'You should know why you need MBA'
Lee In-gu worked at KDB Daewoo Securities as an analyst for six years before he started an MBA program at Hong Kong University of Science and Technology in August 2011. He earned a bachelor’s degree in public administration and economics from Yonsei University. He plans to spend the third ― and the last ― semester at Tsinghua University in Beijing as an exchange student.
You were working as an analyst at a major brokerage house. What made you leave for MBA?
I was analyzing overseas markets in KDB Daewoo Securities’ global research team. After six years at work, I felt like I had consumed all my knowledge. I was interested not only in equities but also in bonds, alternative investment and global hedge fund strategies. I thought further education would help me to learn foreign languages and build an overseas network.
The company chooses around four people each year and sponsors their education abroad. For the 2011 program, applicants had to receive an admission from top business schools in Asia. Hong Kong is a global financial hub along with New York and London, and HKUST had the highest ranking among Asian business schools back then.
While studying at HKUST, what did you find special about the school?
The school admits some 100 students each year — much fewer than other business schools. Harvard Business School, for instance, enrolls 900 students each year. That may limit the size of the alumni network, but you get to know nearly all the classmates while working in different groups.
And I liked that the school has many finance-related electives. At the beginning, I struggled with core subjects focused on management, but later on, finance-related electives were very helpful as there are great faculty members in this field and you get to interact with part-time students who are working for financial firms in Hong Kong.
What were the challenges?
I was used to working and writing papers by myself. In the MBA program, you have to often work in group and participation in class discussions accounts for a large part of the grade. I was little frustrated with the different culture. I also initially felt that many subjects weren’t related to my interests.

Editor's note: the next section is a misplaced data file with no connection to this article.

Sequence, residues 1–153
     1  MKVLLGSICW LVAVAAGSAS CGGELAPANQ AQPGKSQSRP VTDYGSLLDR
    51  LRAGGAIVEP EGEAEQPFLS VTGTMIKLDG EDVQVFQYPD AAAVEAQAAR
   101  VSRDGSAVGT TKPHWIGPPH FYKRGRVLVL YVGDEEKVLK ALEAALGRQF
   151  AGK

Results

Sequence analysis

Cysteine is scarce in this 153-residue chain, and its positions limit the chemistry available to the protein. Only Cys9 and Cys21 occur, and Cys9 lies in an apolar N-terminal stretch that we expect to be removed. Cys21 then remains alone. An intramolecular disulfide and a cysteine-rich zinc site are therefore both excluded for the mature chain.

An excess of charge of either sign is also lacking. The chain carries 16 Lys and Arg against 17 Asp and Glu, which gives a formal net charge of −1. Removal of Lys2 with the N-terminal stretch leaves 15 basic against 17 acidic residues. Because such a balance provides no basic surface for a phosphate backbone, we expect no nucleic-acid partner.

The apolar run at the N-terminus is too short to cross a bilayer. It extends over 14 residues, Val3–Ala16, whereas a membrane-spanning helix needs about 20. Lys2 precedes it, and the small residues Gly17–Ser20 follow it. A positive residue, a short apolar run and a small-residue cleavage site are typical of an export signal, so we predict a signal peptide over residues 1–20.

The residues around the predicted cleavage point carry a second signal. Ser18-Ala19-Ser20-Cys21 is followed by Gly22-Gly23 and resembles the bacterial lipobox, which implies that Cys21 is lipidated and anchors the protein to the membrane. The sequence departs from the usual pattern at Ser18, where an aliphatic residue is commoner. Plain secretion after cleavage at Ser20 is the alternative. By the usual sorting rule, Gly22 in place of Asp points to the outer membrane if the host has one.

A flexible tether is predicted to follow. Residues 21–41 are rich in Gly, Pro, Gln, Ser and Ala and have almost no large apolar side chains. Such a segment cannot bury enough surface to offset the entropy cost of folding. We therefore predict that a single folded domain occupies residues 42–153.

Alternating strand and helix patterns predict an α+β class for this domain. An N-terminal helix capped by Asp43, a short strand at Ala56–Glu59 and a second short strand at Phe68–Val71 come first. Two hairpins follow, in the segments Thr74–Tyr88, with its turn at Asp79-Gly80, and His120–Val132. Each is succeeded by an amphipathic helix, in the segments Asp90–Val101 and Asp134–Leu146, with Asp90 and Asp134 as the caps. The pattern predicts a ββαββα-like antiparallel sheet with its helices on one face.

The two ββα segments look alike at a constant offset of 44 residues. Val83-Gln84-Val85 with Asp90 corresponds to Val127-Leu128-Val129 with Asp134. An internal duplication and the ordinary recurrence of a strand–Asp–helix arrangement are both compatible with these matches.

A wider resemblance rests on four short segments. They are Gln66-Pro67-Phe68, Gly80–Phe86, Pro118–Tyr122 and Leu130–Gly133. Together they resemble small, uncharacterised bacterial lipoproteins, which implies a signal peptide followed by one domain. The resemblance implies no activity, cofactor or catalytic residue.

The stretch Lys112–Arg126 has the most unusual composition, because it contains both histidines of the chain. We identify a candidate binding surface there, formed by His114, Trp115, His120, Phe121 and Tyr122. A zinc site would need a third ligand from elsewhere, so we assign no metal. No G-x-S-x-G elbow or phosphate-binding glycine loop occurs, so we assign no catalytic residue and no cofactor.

After six years spent at a brokerage house, were there more to learn from the MBA program?
The purpose of an MBA program is to foster middle-level managers with all-round skills. I wasn’t familiar with management-related subjects such as operations management and strategic management and wasn’t sure if I needed to learn them. I gradually understood that I would need them when I advance in career.
In the field of finance, studying bonds and hedge funds may not directly benefit an analyst but one could learn an overall picture of how a securities firm works.
You are the president of Korea Club. What does the club do?
The school authorizes 12 official clubs each year and sponsors them. Last year, six Koreans were admitted, and we wanted to form an official club, which is open to everyone. We presented the club, organized a road show and won enough votes to get it approved. There are now only two official clubs that represents a country — China Club and Korea Club.
We have organized Korean dinners, cooking events and movie nights. We also wanted to share job and internship opportunities at Korean companies, but realized that foreign students weren’t that interested in them.
How is it like living and studying in Hong Kong?
Hong Kong is similar to Seoul. The school, located east of the Kowloon Peninsula, is actually far away from the Hong Kong island. The downside is that it is very humid here.
Some choose to study in Hong Kong because they believe they can learn both English and Mandarin here. Not all Hong Kong people are fluent in English and they mostly speak Cantonese, not Mandarin.
What do you think those preparing for or considering doing an MBA should know?
Before doing an MBA, you should think why you need it. For those who do it merely to change a career and take a break from working, an MBA may be disappointing. It is a big investment — it takes around three years to prepare and finish an MBA program.
Interview by Kim Da-ye